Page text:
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Opinion: God bless Canada, God damn Canada

Immigrant, Indigenous, settler alike, we can be proud and angry about our home and its history.
residential school memorial May 31 3
A memorial was set up on the step of city hall in remembrance of the 215 children whose remains were found in a mass grave on the site of a former residential school in Kamloops. Citizen Photo by James Doyle/Local Journalism Initiative.

For generations, Canadian children were taught about the country’s duality, meaning English and French. Colonial settler history, in other words. 

It’s only been quite recently that kids have been taught the national duality between Indigenous peoples and European settlers. 

There is also a religious duality at work. 

At Lejac, the site of a former residential school (we really should call them child internment camps) near Fraser Lake, there are 14 crosses outside of the small cemetery, each representing one of the Stations of the Cross, documenting the final day of Christ’s life. They are written in French.  

The stations are as Catholic as that religion gets, a fixture on the walls of every church large and small. They tell a story of suffering and dying for a greater good. 

Inside the cemetery, the crucified Christ hangs on a large cross, three metres tall, with a smaller, peaceful Virgin Mary at its base. On the final day of the recent healing ceremony at Lejac, an Elder prayed, made the sign of the cross and solemnly touched the face of Mary. Unlike Protestantism and other Christian sects, Catholics elevate Mary as a divine figure in her own right, a mother figure. Even to this day, the name Mary is still a relatively common one within the Canadian Indigenous community. 

There is a lesson here about recognizing sin and seeking forgiveness, about distinguishing the men of the cloth (who identified themselves as Missionary Oblates of Mary Immaculate, OMI for short) from Christ himself. Founded in 1816 “to bring the Good News of Christ to the poor,” this Catholic order committed genocide against Canada’s Indigenous peoples. There are six priests buried in Lejac cemetery, surrounded by the individuals they and their order victimized. 

Normally, when Canadians look south to our American cousins, we claim superiority. Maybe we should look south and say we are them.  

America’s original sins are both genocide and slavery, sins it has spent centuries denying and has, like Canada, only taken small steps towards reconciling the racist lies and myths of the settler narrative.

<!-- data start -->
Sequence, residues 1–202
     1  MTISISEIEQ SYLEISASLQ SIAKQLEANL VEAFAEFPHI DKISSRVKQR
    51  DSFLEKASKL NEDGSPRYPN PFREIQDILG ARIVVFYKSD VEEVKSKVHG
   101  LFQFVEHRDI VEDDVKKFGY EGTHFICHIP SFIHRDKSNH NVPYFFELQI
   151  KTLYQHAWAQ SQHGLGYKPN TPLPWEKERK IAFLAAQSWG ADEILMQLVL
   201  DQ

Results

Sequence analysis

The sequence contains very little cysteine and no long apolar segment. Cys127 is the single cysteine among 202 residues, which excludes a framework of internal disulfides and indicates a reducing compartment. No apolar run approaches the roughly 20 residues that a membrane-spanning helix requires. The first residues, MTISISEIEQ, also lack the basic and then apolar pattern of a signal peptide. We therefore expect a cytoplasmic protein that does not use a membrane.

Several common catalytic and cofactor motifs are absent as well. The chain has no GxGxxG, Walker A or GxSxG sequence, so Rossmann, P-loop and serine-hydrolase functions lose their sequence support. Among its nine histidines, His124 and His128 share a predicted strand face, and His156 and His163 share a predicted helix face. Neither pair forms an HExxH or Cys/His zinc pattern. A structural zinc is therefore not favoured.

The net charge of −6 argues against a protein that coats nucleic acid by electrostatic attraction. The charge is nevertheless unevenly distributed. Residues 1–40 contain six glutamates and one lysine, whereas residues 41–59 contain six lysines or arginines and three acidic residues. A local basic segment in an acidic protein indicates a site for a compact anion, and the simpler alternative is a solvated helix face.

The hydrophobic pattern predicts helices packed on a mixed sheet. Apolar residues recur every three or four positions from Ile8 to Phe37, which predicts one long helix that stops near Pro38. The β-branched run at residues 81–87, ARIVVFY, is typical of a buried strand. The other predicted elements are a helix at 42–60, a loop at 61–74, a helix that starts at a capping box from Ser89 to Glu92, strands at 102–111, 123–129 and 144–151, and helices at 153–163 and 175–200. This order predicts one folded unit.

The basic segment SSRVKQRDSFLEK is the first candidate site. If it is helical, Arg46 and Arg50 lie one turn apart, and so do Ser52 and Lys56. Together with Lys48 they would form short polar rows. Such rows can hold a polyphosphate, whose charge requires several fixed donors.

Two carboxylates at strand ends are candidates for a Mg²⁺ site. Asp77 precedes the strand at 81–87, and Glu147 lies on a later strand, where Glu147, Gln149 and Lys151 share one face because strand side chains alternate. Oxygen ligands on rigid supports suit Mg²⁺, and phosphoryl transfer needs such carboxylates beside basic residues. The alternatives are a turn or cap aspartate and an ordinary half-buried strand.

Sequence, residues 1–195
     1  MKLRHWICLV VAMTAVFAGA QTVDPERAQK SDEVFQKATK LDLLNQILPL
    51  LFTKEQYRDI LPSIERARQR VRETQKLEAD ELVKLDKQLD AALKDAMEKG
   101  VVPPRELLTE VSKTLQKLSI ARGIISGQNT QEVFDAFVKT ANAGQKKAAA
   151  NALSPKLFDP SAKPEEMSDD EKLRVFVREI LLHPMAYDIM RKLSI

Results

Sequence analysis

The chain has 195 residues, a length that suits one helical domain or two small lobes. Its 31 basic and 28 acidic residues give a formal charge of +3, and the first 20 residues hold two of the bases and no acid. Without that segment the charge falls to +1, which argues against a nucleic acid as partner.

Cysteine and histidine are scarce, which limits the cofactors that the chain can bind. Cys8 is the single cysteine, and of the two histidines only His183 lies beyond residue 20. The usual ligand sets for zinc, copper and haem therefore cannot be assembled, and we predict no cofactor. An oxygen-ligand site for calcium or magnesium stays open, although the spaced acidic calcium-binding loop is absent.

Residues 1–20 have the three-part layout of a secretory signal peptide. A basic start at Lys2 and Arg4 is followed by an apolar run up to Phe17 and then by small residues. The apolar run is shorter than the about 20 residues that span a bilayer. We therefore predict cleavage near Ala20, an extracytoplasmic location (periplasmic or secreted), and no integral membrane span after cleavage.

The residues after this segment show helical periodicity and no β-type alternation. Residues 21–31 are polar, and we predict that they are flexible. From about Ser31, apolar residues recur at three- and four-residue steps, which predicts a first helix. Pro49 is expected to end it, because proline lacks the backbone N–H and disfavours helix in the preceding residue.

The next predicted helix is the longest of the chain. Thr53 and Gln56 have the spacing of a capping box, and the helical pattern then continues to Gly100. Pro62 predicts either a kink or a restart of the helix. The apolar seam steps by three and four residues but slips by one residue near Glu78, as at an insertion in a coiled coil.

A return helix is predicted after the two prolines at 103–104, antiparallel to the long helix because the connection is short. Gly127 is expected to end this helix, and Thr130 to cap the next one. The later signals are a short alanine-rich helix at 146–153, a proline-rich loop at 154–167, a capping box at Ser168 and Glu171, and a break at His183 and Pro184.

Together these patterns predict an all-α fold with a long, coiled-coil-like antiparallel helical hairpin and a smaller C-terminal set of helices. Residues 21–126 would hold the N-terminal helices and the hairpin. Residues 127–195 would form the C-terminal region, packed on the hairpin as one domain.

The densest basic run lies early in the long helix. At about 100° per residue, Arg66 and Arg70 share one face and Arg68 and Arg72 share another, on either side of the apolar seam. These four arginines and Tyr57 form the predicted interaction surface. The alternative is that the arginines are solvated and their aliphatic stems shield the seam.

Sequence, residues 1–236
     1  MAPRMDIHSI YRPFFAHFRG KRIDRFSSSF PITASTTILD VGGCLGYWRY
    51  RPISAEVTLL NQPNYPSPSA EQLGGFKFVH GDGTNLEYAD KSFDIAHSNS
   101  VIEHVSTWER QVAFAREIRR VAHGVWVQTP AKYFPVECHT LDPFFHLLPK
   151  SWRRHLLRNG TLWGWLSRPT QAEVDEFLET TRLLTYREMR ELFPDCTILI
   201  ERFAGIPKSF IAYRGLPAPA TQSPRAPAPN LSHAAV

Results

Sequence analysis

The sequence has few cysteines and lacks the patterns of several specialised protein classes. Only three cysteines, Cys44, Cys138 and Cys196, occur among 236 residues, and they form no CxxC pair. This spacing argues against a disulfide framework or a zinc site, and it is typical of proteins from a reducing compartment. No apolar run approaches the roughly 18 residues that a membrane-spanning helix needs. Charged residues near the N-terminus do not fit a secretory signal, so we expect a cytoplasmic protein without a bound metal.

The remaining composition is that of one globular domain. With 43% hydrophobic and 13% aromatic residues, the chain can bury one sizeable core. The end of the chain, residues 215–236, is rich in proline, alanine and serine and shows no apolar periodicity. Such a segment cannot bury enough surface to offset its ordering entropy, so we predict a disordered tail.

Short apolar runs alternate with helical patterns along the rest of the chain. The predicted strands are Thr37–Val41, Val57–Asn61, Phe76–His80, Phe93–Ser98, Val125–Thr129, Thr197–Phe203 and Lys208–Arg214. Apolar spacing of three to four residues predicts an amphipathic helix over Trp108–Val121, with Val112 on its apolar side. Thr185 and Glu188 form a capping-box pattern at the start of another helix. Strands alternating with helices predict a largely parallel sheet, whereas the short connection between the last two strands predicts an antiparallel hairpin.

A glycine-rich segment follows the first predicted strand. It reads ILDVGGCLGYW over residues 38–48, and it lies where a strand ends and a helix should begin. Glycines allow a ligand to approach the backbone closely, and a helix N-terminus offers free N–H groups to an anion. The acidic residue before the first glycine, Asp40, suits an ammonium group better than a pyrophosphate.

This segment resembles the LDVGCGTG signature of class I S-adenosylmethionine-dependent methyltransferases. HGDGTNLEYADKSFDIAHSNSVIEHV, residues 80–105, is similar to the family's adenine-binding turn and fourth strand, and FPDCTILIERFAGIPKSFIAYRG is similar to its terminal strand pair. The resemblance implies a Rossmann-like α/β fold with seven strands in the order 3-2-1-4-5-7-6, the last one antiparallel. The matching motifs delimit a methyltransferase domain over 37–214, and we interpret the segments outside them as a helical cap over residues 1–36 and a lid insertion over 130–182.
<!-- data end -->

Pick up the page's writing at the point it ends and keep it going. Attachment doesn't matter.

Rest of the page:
Another startling similarity between Canada and the U.S. is how Christianity, the religion of the colonial oppressors, was so enthusiastically adopted by its oppressed peoples, both Black and Indigenous.  

As Henry Louis Gates Jr. recounts in The Black Church: This Is Our Story, This Is Our Song, Blacks adopted Christianity, formed their own churches and worked in some of their own unique traditions.  

Why adopt the religion of their enslavers, he asks? The answer is right there in the biblical story of an enslaved people endlessly fighting for liberation and freedom, following the words of peace of the chosen one who gave his own life for the sins of the faithful, so they might be truly free in the everlasting.  

Adopting the Christian example, both Canada and the United States have taken in refugees and immigrants from around the world throughout their long and complex histories. These new citizens faced and continue to face racism, hate and violent attacks in their adopted countries. They are grateful, resentful and hopeful all at once and who can blame them?

What kind of country, what kind of people, welcomes Muslim immigrants in one breath and then murders them on the street and in their places of worship? 

And what kind of country, what kind of people, embraces Christian values of peace and then attempts to eradicate an entire group of God’s children? 

The time has come when all Canadians must be able to freely say God bless Canada and God damn Canada in the same breath. Immigrant, Indigenous, settler alike, we can be proud and angry about our home and its history. We can learn from our ancestors and vow to be better than them. 

Here’s one final example of the Canadian duality. 

Last Thursday, Cowessess Nation in Saskatchewan announced the discovery of 751 unmarked graves at the former Marieval Indian Residential School.  

Later that same day, Carey Price, the future Hall of Fame goaltender of the Montreal Canadiens, was interviewed about his excitement to play in the first Stanley Cup final of his long career. He chose instead to acknowledge his mother, who had just been re-elected chief of Ulkatcho Nation (Anahim Lake), in both English and Dakelh. 

How fitting is it that, in this moment of so much righteous anger and grief, an Indigenous man is the most valuable player on a hockey team called the Canadiens? 

That is something worth celebrating and reflecting on, however you choose to recognize Canada Day.